The profits: Initial estimates by the Congressional Budget Office project that an economy-wide cap-and-trade program would generate at least $50 billion per year, but could reach up to $300 billion. Approximately 10 percent of this revenue should be allocated to help offset costs to businesses and shareholders of affected industries. Of the remaining revenue, approximately half should be devoted to help offset any energy price increases for low- and middle-income Americans that may occur as a result of the transition to more efficient energy sources. The other half of the remaining revenue should be used to invest in renewable energy, efficiency, low-carbon transportation technologies, green-collar job training, and the transition to a low-carbon economy. Some resources should also be invested in the energy, environment, and infrastructure sectors in developing nations to alleviate energy poverty with low-carbon energy systems and help these nations adapt to the inevitable effects of global warming. Revenues from the permit auction would essentially be “recycled” back into the economy to facilitate the transition to an efficient, low-carbon energy economy and ensure that consumers are not unduly burdened by potentially higher energy costs.

Now here is the problem: Coal which is the worst polluter provides about 1/2 of our electricity which means those power plants either have to convert to some other power source or buy carbon credits which of course they will pass the cost onto the consumer. Solar & wind power which is the cleanest only provides about 5% of our power and is a decade or more away from being a major provider. Nuclear energy which is about the only source of power available that can readily replace coal, oil & natural gas the liberals don’t want anything to do with. Natural gas is the cleane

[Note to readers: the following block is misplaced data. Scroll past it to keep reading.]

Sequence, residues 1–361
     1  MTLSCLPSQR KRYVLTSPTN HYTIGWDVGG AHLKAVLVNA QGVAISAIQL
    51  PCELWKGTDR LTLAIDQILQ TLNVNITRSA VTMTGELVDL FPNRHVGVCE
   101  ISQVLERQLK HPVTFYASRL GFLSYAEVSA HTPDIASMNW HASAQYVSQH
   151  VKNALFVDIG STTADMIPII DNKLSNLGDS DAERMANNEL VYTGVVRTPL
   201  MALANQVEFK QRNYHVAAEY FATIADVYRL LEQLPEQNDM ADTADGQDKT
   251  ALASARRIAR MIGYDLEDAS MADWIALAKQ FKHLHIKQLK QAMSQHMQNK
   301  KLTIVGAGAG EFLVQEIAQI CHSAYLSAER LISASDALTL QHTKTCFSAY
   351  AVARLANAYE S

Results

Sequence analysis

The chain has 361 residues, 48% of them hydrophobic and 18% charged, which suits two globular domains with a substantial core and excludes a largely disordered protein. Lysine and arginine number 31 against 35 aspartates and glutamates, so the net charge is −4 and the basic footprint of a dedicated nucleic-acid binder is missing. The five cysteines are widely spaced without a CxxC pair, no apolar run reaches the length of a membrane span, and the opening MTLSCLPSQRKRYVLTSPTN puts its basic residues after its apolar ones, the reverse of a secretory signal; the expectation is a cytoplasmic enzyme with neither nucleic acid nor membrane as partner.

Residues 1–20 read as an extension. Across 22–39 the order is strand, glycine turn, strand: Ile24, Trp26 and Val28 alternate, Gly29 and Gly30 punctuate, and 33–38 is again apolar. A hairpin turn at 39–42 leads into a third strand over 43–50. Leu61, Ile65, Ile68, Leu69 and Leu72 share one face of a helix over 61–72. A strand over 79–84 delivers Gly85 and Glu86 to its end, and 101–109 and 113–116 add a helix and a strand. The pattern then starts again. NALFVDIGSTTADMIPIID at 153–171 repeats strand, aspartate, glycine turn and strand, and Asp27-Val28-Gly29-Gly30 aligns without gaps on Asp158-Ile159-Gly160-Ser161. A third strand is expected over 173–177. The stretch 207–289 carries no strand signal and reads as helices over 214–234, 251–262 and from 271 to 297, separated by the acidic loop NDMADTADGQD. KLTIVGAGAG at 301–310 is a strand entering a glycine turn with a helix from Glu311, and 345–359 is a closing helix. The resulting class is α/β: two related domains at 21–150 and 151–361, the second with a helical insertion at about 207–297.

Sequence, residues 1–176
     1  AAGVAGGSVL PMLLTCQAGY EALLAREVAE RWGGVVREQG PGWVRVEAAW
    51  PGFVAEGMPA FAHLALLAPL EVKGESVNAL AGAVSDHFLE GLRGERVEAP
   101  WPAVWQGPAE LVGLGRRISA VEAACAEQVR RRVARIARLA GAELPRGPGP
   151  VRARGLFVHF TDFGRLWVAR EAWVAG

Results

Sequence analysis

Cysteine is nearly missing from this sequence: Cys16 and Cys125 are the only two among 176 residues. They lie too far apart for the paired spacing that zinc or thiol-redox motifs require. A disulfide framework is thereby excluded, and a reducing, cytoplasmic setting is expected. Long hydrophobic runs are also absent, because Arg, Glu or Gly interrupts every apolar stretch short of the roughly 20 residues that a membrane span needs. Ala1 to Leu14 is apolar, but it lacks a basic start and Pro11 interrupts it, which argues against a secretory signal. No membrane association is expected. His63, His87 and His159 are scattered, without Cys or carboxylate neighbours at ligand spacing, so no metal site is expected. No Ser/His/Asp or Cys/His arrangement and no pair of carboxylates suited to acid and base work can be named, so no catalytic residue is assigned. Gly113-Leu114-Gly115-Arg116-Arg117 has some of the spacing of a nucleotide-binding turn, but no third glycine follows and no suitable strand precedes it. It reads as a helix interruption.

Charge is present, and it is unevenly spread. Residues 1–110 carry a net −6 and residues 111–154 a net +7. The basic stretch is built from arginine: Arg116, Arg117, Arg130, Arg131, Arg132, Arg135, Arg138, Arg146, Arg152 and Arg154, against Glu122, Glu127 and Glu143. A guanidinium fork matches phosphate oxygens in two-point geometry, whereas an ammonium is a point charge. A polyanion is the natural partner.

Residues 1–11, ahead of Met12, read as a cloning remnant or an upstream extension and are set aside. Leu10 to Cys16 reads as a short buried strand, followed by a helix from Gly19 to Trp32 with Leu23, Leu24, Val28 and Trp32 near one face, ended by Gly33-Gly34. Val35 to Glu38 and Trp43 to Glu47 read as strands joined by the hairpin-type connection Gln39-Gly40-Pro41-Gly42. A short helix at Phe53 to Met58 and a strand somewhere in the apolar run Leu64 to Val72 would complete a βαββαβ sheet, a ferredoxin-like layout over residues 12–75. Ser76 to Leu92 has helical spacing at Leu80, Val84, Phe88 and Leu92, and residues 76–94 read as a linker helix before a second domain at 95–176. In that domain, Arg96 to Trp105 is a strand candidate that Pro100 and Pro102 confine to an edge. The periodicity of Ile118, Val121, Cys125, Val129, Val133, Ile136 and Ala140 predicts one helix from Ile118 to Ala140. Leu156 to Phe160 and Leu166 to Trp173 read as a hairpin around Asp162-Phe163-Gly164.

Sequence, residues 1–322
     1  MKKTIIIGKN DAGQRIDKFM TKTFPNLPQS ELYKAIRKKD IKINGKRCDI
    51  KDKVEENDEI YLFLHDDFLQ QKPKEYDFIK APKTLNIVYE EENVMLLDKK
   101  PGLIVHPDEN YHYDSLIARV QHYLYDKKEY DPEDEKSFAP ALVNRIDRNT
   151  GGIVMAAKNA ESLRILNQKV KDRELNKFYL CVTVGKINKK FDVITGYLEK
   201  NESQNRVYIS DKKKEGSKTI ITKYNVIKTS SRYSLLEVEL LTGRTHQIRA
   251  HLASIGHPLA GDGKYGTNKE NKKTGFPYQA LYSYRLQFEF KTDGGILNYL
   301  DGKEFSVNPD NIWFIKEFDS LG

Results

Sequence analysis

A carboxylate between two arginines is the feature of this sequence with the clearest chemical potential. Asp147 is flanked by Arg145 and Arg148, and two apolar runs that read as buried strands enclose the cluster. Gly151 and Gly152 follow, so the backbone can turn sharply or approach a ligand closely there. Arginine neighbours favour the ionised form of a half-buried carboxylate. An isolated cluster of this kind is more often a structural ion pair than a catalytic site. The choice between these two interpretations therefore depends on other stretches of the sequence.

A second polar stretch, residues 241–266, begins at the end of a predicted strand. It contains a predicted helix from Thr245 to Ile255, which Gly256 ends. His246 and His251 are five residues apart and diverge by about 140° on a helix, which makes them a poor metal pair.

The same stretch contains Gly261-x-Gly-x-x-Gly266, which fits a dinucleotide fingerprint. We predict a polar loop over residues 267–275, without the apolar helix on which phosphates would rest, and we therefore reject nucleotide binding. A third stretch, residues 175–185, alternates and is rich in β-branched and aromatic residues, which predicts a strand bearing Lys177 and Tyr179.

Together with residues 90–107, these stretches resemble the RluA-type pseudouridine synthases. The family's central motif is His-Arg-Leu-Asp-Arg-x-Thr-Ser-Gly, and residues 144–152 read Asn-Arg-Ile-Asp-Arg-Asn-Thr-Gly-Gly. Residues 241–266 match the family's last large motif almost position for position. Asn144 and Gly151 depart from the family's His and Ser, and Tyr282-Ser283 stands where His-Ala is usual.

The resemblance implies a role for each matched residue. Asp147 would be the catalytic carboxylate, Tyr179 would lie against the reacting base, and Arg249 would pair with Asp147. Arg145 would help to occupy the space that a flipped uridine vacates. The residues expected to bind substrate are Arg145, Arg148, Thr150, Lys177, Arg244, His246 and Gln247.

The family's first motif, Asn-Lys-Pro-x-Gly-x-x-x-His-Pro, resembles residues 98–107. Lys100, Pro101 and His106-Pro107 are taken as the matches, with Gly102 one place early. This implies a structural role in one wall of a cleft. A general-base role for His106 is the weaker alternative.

John answers:

That “they really don’t have alternatives available” is just ONE of the problems.

Being based on “junk science” is another.

Inability to actually measure the effectiveness of “cap & trade” is another (and there are other problems as well).

Sandy asks…

Accounting Ethical Issues?

Attracta Lures is a successful publicly traded company. You own 1000 shares in the company and have recently joined Pimon and Tumba CAs, who are the auditors of Attracta Lures. You know that you will be part of the audit team performing the audit of Attracta Lures. Should you tell the partners of the firm that you own shares in Attract Lures? Why or why not?
(Issues: conflict of interest, code of behaviour, responsible use of power, moral conscience)

John answers:

As a individual, you are required to discloses potential conflicts of interest. In many cases this disclosure is enough. However, if decisions will be made based upon your finding you should consider excusing yourself from this particular case.

The reason for disclosure is it relieves you of the burden of having hidden or conflicting knowledge. Taken from another stand point, what if you own stock in their most direct competitor.

Chris asks…

Should I trade furniture with China when I grow up?

My grandfather owns a successful company that manufactures and imports furniture from China. The business has made hima millionaire (not that that means anything in this day and age). But this is my question: when I “grow up”, should I learn this business and then continue it? Does the furniture trade with China have a promising future?
I always hear people talk about how we should reduce trade with China, so would a reduction of trade with China hurt the business (if it were to happen while I owned it)?

John answers:

Things may have evolved more by the time you “grow up” but right now there are all sorts of trade-offs regarding whether it makes sense to make various products domestically or in some other nation.

If the product is heavy, then that impacts the cost of transporting across the ocean. That is an added cost. It is cheaper to have it made in China, but you have to have the added cost of inspecting what they do, to make sure that it meets the safety and other standards of here.

What is your protection against the company in China stealing all your designs and selling direct to your customers? You may know that piracy is a MAJOR problem with products that can be made or copied in Asia.

Who will buy the products made in China, when all the jobs that pay customers so they can buy the products, have been exported overseas?